UC grilled over LANL safety issues

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By Tris DeRoma

Three university systems went before the Regional Coalition of LANL Communities Friday to tell the coalition once again why they would be the best candidate to take on the job of operating and managing the Los Alamos National Laboratory.


The University of California, Texas A&M  made full presentations while the University of Texas System gave a short statement at the end of the meeting during the public comment portion.

All three systems submitted bids to the National Nuclear Security Administration before the administration’s deadline.
UC Vice President for National Laboratories Kim Budil faced some tough questions before the coalition from Coalition Chairman and Santa Fe Mayor Javier Gonzales.

The University of California has been a partner in the lab’s operation since it’s inception in 1943.

“Clearly there were a lot of mistakes made of the last couple of years in Los Alamos that led to the shut down of WIPP (Waste Isolation Pilot Plant) and the threat that ultimately posed to the community for those mistakes,” Gonzales said. “I’m interested in how the University of California during that time and what levels of assurance as communities we would get, if you were selected, that it wouldn’t happen again.”

Gonzales also wanted to know, after all the years the university has been a part of the management of the laboratory, why there are “still families struggling, there’s still big challenges in poverty and opioid addiction ... all of these other things that you shouldn’t have to solve on your own as a contractor, but quite honestly donated money to a foundation and feeling that might be the end of an obligation is not necessarily what I would use as a good corporate citizen.”

Gonzales also wanted to know why the coalition often had to go alone to Washington, D.C. to ask for money every year without any help from UC.

“It would be great to have the University of California or the researchers saying ‘you better invest,’ because there are some real health issues on the legacy issues that aren’t being addressed,” Gonzales said.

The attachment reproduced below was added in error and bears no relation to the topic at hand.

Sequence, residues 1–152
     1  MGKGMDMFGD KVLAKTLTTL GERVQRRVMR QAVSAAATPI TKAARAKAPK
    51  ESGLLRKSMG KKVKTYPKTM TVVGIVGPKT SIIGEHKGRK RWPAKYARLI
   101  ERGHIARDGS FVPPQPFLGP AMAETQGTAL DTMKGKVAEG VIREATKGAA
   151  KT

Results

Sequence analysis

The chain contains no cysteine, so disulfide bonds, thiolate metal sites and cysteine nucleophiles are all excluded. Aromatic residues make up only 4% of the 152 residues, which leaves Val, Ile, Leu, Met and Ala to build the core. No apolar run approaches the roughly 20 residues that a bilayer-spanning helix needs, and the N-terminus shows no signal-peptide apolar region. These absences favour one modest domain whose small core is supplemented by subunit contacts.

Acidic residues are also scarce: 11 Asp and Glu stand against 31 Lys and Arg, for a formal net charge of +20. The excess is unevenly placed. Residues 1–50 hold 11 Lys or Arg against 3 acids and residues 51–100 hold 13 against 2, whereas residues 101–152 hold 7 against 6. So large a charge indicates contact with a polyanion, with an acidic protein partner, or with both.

Budil said there were many reasons for Gonzales’ frustrations mainly the changing roles of contractors over the many years that UC has been a part of the lab’s operations.

“As the external world changed, the expectations people had around safety and security changed over time,” Budil said.

Budil also said the latest management period, when the Los Alamos National Security consortium was formed in 2005, was an effort to bring in private contractors that had more expertise when it came to handling nuclear technology.

“We entered into a partnership to try and bring together the strengths of the university and the strengths of the private sector. Some aspects of that worked exceptionally well, and some aspects of that did not work as intended,” Budil said.

“What happened with the WIPP incident is a good example of how we adapted and improved our performance, because it highlighted for us several of the important things and how we could build the partnership… there was a key disconnect in that organization between some of the key science and technical expertise at the laboratory and the operation at the time to transfer the waste off the site and a very aggressive budget.”

Gonzales said he liked the answer, and hoped that if UC did win, it would learn to use the resources of the university to better its safety record in the future.

“I really appreciate that answer, thank you. Of course the last part the idea of the community benefits go beyond the financial contributions given the strength of the research facility that can be used to identify many issues or opportunities,” Gonzales said